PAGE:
You know the one…that moment when your heart filled up and you thought, “THIS is why I do what I do.” It’s that moment when you see a child achieve a milestone that has been long coming, or you watch as a parent realizes that she has taught her child to walk. It’s like a beautiful sunrise – you never forget it. Those are moments that we are so lucky to witness.
Who’s Moment Is It?
When I was a much younger early interventionist, I took a lot of pride in those moments, feeling so fortunate to have had the opportunity to help a child learn to walk or talk. As my career matured and I learned the importance of my role as a support to the parent, I really had to adjust where I found this moment. I realized a much deeper sense of accomplishment and joy in building the parent up and seeing that pride in their eyes. I wanted them to own their child’s progress. I worked toward helping them understand that, as McWilliam so eloquently said, it wasn’t what I did when I visited that affected the child’s development…it was what the parent learned during the visit and did with the child between visits that made all the difference. I think I believed it all along, but I didn’t really let it change the way I viewed my role and the importance of what I did until later. I knew that families make the biggest difference in their children’s lives, not me. I knew that the most child learning happens when I’m not there. But, I’m not sure I really embraced this until I started changing my practices to shift into a new role – one of a facilitator and support to parents rather than a teacher of children. When I really focused on facilitating responsive interactions between parents and their young children, rather than teaching children developmental skills, I felt the difference. I knew who these moments should really belong to, and it wasn’t me.
A Sunrise EI Moment
I was working with Dylan, a 2-year old, while his nurse sat nearby. I was challenging him to see if he could communicate that he wanted to play with a particular toy. Dylan had multiple disabilities and his communication was difficult to read, for me and for his caregivers. He would sometimes turn his head to indicate “no” but we really hadn’t determined how he communicated “yes” or a positive choice. This morning, while I was helping him activate a farm toy, I decided to turn it off. I told Dylan to let me know if he wanted me to turn it back on. I waited and waited, trying to read his body language. He turned his head, which I hoped meant that he didn’t like my question rather than not wanting to play. When I helped him move his hand to the toy, he seemed to want to continue to play so I wondered if he was frustrated, hence the head turn. The nurse wasn’t very happy with me as I turned the toy on and off several more times, each time waiting longer and watching Dylan’s body language. Maybe the third or fourth time I turned it off and waited, I saw it. I saw Dylan’s signal. I tested it out by repeating the process, and each time, he signaled his “yes.” I was thrilled, the nurse was happy, but someone was missing.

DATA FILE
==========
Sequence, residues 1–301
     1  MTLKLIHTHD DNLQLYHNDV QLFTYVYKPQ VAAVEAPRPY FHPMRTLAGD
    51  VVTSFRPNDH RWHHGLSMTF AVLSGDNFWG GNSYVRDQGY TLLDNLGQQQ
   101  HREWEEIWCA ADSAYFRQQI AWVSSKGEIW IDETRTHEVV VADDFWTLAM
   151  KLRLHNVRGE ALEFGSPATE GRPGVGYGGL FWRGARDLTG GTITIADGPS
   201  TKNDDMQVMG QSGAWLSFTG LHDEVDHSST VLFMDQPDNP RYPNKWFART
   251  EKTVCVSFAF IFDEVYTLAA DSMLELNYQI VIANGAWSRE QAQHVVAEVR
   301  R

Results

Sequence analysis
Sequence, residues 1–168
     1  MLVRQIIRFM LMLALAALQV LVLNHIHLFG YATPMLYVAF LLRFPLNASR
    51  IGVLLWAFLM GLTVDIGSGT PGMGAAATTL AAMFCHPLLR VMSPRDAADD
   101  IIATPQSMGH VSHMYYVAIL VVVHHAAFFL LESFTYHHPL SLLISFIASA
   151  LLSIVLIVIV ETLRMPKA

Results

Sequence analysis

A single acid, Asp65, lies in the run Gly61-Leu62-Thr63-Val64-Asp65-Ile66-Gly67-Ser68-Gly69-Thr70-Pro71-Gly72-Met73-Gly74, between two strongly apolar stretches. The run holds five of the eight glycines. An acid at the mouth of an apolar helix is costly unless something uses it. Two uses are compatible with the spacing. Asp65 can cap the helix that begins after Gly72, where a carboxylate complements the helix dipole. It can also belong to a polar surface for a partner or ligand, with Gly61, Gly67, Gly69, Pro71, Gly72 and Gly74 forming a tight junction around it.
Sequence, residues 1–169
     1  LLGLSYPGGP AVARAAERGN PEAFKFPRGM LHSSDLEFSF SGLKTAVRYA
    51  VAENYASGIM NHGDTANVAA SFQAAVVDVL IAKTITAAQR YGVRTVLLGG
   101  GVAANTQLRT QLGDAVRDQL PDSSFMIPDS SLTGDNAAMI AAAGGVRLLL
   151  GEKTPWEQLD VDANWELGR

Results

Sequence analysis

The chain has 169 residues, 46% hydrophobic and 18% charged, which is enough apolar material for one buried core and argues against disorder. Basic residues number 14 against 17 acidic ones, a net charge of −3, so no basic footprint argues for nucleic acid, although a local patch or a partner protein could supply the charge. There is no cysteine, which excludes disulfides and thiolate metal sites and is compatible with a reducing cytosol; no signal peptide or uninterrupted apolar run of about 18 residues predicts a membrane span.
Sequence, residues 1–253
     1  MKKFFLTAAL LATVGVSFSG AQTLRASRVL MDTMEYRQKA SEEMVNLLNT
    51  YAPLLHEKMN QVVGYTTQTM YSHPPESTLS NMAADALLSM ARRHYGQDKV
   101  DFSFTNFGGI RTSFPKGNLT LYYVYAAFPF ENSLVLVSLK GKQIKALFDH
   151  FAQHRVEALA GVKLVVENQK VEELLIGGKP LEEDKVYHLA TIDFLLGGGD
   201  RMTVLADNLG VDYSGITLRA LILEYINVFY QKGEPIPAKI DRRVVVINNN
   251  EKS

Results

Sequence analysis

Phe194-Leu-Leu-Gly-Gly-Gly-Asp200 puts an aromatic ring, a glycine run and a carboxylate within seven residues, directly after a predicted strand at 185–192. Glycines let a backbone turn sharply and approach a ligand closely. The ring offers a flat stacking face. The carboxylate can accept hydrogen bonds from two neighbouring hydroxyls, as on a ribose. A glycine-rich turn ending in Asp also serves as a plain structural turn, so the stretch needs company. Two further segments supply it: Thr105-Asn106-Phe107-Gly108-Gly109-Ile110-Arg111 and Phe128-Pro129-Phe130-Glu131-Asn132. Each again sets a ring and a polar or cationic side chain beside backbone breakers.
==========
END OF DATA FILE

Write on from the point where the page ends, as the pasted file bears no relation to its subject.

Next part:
Dylan’s mother had stepped away to take care of Dylan’s sibling, so we called her back into the room. I explained that I thought Dylan had just indicated that he wanted something. She doubted me, saying that she’d never seen it before. I explained as I helped Dylan activate the toy (he needed help keeping his arms on his tray but then could move his hands to activate the farm animals). Then, I turned the toy off and said, “Dylan, do you want play some more? Should I turn the farm back on?” We waited, watching, and his mom even became nervous because she worried I was making Dylan too uncomfortable. Eventually (maybe 20-30 sec), Dylan raised his right arm off the tray. It was a subtle sign, but it had meaning. I turned the toy back on and he played. I turned it off again, asked the question, waited, and he raised his arm again. I was so happy, and then I looked up at Dylan’s mother and she was crying. My heart sunk. I asked if she was okay, and she replied, “I’ve never had a way to communicate with my son. I’ve never been able to know what he wanted, until now.” She tried the same game I had modeled and cried more. She showed Dylan’s older brother, who was an expert in no time at asking Dylan before he did anything with him and waiting for Dylan’s gesture.
It was like the sun had come out. I was so proud of Dylan, and frankly, pretty excited to have figured this out. But above all that, I was deeply moved by what Dylan’s mother said. THAT was why I do what I do. That was one of those moments I will never forget.
What’s your sunrise EI moment?
Share your sunrise moment in the comments below, and please remember to protect the family’s confidentiality when you tell your story because it’s not just your story to tell. 🙂